Classroom Activities for Individuality

Teacher talking with young students in classroom
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All children have the need to be valued for who they are. Classroom activities that help children see their uniqueness as valuable encourage positive self-esteem. The activities also celebrate the diversity of cultures, traditions and languages that form the heritage of each student. Teachers can encourage children to create a climate where all people are welcome and accepted for their unique gifts and abilities.

1 I Am Thumbody!

Have each student print his thumb print on a sheet of paper. Across the top of the paper write “I Am Thumbody!” Explain that each person has a unique thumb print that distinguishes him from all other people. Ask each child to make a list of abilities and qualities that make him unique in the classroom. For example, he is the only student named Trenton, and he has a pet tarantula. As each student finishes his list, add his picture to the paper and post all of the sheets on a display board.

2 Celebrating Diversity

Have each student choose something that is unique about her family. Encourage each child to create a poster that illustrates some of the elements that make up that uniqueness. Tell students that family members may help her find ways to share her culture or abilities. Provide students with the opportunity to share their reports with the class. At the end of each presentation, have the class respond by saying, “We celebrate you in all your individual differences.”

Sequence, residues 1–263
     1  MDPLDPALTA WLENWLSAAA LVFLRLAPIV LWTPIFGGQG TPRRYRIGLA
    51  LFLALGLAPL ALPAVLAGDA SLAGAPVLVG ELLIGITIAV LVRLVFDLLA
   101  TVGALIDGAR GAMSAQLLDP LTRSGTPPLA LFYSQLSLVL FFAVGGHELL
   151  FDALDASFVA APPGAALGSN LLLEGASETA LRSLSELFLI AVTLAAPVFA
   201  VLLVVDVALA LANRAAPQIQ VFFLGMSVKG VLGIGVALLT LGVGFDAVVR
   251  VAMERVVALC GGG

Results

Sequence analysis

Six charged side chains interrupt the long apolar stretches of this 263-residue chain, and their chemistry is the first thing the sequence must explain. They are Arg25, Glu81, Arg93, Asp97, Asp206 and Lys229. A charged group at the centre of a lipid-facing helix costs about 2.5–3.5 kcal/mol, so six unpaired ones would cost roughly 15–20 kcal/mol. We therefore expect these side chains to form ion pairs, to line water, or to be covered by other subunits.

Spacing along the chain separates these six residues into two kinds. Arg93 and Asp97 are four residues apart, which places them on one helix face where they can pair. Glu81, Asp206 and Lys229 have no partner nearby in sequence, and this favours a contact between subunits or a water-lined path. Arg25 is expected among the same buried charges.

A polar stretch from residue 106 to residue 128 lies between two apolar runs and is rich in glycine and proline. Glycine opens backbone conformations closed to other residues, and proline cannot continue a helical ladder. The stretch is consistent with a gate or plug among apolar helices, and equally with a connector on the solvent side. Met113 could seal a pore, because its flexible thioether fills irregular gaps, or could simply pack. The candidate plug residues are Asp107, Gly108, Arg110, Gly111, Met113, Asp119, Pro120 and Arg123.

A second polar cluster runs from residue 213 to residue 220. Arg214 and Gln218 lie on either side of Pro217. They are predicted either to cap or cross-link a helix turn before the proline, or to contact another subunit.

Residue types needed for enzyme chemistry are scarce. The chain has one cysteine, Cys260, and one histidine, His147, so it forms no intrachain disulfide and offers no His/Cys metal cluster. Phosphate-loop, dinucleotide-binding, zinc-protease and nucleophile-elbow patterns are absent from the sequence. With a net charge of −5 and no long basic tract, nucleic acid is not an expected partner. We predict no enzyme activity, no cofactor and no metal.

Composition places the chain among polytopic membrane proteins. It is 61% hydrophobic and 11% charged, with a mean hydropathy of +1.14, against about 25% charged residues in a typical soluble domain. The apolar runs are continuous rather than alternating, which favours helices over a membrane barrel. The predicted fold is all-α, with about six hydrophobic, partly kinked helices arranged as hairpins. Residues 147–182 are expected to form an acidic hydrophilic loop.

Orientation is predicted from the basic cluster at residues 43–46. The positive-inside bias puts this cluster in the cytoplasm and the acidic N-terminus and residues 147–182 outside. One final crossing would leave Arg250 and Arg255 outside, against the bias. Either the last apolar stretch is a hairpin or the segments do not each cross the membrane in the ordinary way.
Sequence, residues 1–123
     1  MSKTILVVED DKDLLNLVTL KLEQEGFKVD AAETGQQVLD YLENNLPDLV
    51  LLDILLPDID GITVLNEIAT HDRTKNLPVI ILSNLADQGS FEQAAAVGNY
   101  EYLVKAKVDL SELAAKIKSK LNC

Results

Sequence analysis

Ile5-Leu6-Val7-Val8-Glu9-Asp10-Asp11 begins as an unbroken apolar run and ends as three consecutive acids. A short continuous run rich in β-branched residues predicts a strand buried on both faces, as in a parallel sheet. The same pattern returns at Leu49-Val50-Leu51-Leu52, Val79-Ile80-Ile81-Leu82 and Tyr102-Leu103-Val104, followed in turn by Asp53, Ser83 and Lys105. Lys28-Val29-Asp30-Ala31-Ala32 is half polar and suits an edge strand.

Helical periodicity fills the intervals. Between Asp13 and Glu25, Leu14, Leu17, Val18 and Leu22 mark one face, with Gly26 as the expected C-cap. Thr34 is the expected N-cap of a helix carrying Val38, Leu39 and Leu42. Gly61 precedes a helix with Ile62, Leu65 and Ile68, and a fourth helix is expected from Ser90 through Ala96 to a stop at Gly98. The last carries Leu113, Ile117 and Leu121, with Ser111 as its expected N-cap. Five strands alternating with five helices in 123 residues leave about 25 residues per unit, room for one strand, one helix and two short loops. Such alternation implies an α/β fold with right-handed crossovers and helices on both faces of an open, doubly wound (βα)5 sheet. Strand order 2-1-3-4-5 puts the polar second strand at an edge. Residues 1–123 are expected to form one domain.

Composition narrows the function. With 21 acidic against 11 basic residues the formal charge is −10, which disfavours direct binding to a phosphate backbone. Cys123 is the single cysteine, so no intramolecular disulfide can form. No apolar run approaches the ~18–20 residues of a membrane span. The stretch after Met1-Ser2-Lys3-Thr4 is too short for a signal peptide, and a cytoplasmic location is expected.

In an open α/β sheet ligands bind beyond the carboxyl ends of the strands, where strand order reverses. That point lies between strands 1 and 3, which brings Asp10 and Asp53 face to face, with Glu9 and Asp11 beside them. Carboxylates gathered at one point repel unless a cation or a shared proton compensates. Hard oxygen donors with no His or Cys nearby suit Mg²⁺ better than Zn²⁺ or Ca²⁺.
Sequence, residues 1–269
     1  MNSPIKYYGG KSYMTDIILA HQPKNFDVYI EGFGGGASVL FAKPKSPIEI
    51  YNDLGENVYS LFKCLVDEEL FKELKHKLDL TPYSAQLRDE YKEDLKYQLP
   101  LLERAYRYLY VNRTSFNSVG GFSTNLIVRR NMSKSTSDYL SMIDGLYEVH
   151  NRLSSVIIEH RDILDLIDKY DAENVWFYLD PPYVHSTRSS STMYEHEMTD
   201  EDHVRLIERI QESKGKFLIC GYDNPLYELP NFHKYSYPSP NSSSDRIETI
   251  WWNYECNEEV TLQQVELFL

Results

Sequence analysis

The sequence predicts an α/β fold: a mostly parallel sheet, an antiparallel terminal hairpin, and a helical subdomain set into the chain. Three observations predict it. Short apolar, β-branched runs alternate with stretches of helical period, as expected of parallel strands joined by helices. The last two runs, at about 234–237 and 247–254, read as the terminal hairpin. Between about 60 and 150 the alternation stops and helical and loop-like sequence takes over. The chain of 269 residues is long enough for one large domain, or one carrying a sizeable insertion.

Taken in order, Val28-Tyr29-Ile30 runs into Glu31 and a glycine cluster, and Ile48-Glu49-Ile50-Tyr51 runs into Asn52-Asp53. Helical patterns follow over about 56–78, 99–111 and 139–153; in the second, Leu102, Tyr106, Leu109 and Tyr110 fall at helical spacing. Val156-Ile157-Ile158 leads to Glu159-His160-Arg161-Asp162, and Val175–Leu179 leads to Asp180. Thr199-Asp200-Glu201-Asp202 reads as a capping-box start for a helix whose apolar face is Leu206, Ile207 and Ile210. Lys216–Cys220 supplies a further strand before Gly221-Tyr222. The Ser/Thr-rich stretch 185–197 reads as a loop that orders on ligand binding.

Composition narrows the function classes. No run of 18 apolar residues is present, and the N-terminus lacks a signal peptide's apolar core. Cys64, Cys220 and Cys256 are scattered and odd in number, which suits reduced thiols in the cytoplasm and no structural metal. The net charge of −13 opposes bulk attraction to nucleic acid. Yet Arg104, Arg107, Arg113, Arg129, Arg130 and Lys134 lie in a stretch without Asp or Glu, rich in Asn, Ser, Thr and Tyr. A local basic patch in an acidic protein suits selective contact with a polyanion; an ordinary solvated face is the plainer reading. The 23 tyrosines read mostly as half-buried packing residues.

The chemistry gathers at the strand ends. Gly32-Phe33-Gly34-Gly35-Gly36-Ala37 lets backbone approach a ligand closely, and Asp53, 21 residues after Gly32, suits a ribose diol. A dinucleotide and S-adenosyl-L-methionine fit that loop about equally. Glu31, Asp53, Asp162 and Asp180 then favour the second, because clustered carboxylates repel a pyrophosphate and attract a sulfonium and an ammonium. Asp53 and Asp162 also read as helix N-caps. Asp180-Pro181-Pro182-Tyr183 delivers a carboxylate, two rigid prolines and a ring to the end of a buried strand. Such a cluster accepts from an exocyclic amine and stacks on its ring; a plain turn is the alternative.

3 Holiday Diversity

Allow children of different cultures to share their holiday traditions and foods throughout the course of the year. You might invite family members to come and make a presentation about the holiday and cultural differences and invite other students to enjoy the celebration.

4 Responsive Greetings

Invite the class to incorporate responsive greetings into the class routine. Greet each student at the door by name and welcome him into the class. Encourage students to greet other students in the same way. Use the responsive greeting to note something that is positive and unique to each student. For example, “Welcome to class, Cheyenne. I appreciate the way you encourage your classmates and make them feel welcome.” Comments should be honest, positive and encourage the students to celebrate each person’s unique abilities and worth.

Rev. Kathryn Rateliff Barr has taught birth, parenting, vaccinations and alternative medicine classes since 1994. She is a pastoral family counselor and has parented birth, step, adopted and foster children. She holds bachelor's degrees in English and history from Centenary College of Louisiana. Studies include midwifery, naturopathy and other alternative therapies.